My hon. Friend the Member for Bromley and Chislehurst also drew attention to the role of the City of London Corporation in green finance, and I absolutely endorse his recognition of its contribution and in particular that of Catherine McGuinness, who has been the policy lead through most of my tenure. She has done an excellent job, and her tenure comes to an end next spring. As I have said, the Lord Mayor is also committed to taking on his predecessor’s leadership in that area.
Looking ahead, it is important that we do not rest on our laurels, as the motion recognises. There are obviously strong competitive pressures in the industry, and it is my mission to help to deliver the Chancellor’s vision for an open, green and technologically advanced financial services sector that is globally competitive and acts in the interests of communities and citizens across the UK. In his speech on
When I took on this role in January 2018, the nature of the international relationship that the UK would have in financial services was uncertain. We have now left the EU institutional framework and, where it makes sense to do so, we are taking advantage of our new freedoms to refresh the UK’s position as the world’s pre-eminent financial centre. We are not deregulating, but we are looking at those international relationships. We have set out a clear, ambitious programme of work to broaden and deepen those relationships. We have signed trade agreements with Japan, Singapore, the European economic area and the European Free Trade Association, and reached agreements in principle on free trade agreements with Australia and New Zealand.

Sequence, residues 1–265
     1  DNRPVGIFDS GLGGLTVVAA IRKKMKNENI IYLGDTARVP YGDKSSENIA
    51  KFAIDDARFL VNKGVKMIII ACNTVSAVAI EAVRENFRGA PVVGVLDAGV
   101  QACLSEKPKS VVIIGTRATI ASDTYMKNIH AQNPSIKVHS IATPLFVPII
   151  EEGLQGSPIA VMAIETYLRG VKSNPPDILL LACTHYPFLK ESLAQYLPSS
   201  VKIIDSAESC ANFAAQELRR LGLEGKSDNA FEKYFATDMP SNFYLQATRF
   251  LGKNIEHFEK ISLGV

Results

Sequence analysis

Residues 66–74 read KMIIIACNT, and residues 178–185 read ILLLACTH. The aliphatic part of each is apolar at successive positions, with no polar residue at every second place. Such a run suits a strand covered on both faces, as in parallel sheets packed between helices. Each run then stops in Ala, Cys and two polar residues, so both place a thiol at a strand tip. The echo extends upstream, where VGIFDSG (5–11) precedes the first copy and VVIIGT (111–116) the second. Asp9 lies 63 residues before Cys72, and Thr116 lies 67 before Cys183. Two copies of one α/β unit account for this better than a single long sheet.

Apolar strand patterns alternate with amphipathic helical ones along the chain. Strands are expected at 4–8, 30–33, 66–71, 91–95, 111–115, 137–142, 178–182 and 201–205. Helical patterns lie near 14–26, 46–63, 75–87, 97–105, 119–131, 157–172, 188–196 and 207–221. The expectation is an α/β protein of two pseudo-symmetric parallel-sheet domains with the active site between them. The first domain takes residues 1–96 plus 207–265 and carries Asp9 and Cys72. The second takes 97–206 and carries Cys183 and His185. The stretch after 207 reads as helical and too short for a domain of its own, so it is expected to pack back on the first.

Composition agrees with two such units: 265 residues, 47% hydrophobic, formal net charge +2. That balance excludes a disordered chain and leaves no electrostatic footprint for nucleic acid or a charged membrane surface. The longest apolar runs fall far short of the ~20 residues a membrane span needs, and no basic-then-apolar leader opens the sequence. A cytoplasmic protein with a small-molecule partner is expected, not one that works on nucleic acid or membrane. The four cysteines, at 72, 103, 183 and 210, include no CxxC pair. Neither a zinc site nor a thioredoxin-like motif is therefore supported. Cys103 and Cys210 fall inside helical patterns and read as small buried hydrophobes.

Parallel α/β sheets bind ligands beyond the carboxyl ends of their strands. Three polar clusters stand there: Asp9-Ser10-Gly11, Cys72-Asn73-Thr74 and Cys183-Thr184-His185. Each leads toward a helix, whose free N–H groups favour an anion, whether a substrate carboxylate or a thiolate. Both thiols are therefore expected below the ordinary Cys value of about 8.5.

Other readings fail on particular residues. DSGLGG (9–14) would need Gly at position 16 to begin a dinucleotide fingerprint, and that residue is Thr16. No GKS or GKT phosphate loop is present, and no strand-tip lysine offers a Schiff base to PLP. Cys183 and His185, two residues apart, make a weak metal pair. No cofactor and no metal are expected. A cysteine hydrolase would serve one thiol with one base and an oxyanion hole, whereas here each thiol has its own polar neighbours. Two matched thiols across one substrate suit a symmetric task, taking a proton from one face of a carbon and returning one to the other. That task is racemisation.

I recognise that in many of these free trade agreements, financial services will not be as prominent because the regulator-to-regulator dialogues that exist on an ongoing basis are so instrumental in unblocking opportunities on both sides in financial services. The Swiss mutual recognition agreement, which we are negotiating at the moment, will be the most ambitious financial services agreement globally in both breadth and depth.
I recognise the uncertainty of the EU relationship. We have co-operated fully, and it will be for the EU to determine what sort of dynamic it wishes to have. I was pleased to visit my counterparts in Madrid last week, and I met several bank leaders over there. The warmth that exists towards the UK in financial services is clear, and I have recently had conversations with other bilateral partners.
We need a regulatory framework that is more agile, that avoids politicisation and that gives decision making to the independent and expert regulators. I take the point raised by my hon. Friend the Member for Wimbledon on the need to ensure proper scrutiny of that autonomy. I recognise and appreciate the support for the secondary growth and competitiveness objective that we set out in the consultation, and it is now critical that we clarify in legislation how the responsibility of scrutinising those independent regulators will work. It will be for Parliament to determine how to examine the way in which those regulators meet the objectives we will set out in primary regulation.
Members mentioned a number of initiatives concerning the wholesale markets review. I see broad consensus on the vast majority of issues identified in the consultation document. We are talking about incremental changes informed by deep dialogue with industry.
On the prospectus regime review, I am delighted to say there was extensive support for the proposals in our recent consultation, and I look forward to pushing ahead with our reforms. We are taking forward the recommendations of the Kalifa review on FinTech. We must remain at the cutting edge of technology and innovation in financial services. I recognise that its application both to the regulators and to the financial market’s infrastructure will be significant.